The U.S. can erase cervical cancer in two decades

The U.S. can erase cervical cancer in two decades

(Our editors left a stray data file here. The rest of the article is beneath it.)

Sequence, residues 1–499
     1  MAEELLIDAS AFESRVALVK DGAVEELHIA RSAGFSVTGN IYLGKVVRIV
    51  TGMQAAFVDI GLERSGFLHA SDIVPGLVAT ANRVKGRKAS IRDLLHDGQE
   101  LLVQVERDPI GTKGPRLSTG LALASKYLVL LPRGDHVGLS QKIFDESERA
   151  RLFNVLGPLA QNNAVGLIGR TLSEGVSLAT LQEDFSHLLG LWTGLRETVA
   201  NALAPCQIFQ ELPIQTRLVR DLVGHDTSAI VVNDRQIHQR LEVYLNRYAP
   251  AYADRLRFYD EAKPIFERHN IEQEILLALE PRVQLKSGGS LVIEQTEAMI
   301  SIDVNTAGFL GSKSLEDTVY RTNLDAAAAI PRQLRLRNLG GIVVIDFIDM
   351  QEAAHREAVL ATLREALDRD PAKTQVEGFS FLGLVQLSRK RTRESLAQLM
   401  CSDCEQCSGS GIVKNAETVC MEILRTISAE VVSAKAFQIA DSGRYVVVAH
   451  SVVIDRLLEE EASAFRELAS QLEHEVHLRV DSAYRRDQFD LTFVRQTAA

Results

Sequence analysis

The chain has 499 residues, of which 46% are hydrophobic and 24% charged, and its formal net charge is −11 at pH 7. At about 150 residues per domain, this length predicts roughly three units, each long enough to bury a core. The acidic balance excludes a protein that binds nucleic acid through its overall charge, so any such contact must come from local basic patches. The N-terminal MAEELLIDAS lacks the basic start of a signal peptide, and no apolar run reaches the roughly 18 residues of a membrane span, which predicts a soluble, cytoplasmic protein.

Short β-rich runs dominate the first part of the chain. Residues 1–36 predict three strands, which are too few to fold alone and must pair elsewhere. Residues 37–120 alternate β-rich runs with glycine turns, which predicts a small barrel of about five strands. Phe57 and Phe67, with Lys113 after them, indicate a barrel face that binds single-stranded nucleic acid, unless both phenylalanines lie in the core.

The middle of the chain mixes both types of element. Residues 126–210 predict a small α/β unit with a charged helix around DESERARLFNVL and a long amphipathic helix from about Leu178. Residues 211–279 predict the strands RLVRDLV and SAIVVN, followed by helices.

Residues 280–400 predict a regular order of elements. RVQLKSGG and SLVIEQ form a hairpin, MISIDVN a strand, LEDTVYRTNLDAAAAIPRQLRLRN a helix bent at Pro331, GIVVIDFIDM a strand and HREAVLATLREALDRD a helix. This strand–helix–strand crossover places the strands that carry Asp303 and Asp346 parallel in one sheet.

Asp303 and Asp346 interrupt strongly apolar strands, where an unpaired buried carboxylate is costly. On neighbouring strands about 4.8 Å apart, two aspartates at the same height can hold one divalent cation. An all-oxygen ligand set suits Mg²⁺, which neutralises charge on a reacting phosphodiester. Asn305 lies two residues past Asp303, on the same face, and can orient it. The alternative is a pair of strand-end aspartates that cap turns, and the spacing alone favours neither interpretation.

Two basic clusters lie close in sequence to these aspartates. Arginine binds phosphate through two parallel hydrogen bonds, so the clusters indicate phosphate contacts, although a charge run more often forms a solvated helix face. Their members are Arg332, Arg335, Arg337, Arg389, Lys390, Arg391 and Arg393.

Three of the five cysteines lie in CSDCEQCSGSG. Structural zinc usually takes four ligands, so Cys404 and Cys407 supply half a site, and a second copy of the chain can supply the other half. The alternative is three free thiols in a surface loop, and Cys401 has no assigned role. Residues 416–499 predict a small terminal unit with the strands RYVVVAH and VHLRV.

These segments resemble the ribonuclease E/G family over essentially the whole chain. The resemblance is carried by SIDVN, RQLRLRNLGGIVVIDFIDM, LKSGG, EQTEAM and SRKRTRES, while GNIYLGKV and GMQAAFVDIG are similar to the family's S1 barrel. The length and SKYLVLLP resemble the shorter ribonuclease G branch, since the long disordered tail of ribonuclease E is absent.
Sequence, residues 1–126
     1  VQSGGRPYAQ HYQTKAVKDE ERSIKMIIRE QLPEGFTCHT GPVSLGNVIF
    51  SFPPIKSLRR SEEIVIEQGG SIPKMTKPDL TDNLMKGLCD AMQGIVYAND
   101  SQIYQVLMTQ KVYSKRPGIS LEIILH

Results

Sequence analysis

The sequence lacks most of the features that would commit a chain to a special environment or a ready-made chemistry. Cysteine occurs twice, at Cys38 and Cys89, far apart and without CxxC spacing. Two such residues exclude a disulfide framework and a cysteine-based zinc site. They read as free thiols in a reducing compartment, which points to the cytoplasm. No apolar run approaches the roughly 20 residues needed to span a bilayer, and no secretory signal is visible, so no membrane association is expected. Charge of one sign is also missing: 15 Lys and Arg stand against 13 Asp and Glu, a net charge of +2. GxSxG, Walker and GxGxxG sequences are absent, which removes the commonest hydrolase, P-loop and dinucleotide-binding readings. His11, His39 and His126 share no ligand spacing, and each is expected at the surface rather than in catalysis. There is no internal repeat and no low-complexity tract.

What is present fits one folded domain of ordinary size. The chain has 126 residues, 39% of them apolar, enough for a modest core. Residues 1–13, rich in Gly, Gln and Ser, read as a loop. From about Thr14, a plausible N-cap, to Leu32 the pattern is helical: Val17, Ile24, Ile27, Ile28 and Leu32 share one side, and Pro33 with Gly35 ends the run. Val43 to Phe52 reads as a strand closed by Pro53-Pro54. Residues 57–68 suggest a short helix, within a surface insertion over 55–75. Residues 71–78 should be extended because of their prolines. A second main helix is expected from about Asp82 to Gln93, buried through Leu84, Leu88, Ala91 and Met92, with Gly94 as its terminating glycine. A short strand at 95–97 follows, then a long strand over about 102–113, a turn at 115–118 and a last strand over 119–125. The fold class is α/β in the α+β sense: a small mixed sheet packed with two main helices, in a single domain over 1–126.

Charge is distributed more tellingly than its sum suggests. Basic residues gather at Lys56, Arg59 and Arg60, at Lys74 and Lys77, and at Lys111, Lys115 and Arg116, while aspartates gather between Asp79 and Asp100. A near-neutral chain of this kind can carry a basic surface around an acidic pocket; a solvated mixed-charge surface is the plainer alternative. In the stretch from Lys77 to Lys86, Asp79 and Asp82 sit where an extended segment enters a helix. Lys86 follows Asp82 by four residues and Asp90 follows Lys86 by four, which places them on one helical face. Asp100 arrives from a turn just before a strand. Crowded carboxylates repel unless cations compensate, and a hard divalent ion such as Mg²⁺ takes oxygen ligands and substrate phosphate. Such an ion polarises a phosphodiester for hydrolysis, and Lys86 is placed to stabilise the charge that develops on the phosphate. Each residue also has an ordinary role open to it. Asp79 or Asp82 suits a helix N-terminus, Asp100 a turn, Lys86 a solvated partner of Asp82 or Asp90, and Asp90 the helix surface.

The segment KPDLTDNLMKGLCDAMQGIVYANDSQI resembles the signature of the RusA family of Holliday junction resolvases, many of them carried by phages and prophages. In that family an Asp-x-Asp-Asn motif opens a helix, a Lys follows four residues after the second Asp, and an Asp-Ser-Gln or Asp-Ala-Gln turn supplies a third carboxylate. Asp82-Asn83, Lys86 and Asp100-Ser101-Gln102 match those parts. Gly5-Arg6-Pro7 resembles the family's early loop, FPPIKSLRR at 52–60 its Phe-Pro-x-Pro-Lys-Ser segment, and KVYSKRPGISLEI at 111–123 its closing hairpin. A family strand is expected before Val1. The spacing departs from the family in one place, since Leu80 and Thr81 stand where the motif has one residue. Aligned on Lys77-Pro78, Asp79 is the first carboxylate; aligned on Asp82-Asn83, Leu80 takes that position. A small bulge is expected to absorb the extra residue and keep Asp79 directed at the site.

Researchers discover new approach to make tumors sensitive to immunotherapy Screening can detect precancerous changes in the cervix, which, if not treated, can lead to cancer. The CDC encourages boys and girls to get vaccinated against HPV between the ages of 11 and 12. Women are also encouraged to have a screening test called a PAP smear every three years when they reach the ages of 21 to 29 years old. It will take two decades The study is the first one to estimate a timeframe for eliminating cervical cancer in the U.S. To land to their findings, the team used two disease modeling platforms to compare nine various HPV vaccination and cervical cancer screening treatments. The model, which was adapted for Japan, helped the team evaluate the expected number of cervical cancer cases and deaths over the lifetime of participants who were born between 1994 and 2007. From there, they evaluated the possibility for each scenario to achieve a threshold for the elimination of four cases per 100,000 women and then one case per 100,000 women. The team found that cervical cancer elimination can be achieved by 2038 to 2046, increasing screening coverage to 90 percent in 2020 was the best way to speed up the elimination of the disease. This means that 1,400 to 2,088 cases will not occur each year between 2019 and 2100. At present, about 14 percent of women are never screened. On the contrary, reaching 90 percent HPV vaccine coverage in adults between 26 and 45 years old was found to have little effect on the cases of cervical cancer. “Across all three analyses, we were able to project the vast number of cervical cancer cases and deaths averted globally by ensuring high uptake of both prevention and treatment services for cervical cancer," Megan Smith, program manager at the Cancer Council New South Wales in Australia and co-author said. "Together with the WHO elimination initiative, we hope this analysis will galvanize public health efforts to improve access to both primary and secondary cervical cancer prevention in the U.S.," Jane Kim, professor of health decision science at Harvard Chan School and senior author, added. Sources: World Health Organization (WHO). (2020). Cervical Cancer. https://www.who.int/cancer/prevention/diagnosis-screening/cervical-cancer/en/ U.S. Centers for Disease Control and Prevention (CDC). (2020). Basic Information About Cervical Cancer. https://www.cdc.gov/cancer/cervical/basic_info/ Journal reference: Simms, K., Hanley, S., Smith, M., Keane, A., Canfell, K, et al. (2020). Impact of HPV vaccine hesitancy on cervical cancer in Japan: a modelling study. The Lancet Public Health. https://www.thelancet.com/journals/lanpub/article/PIIS2468-2667(20)30010-4/fulltext



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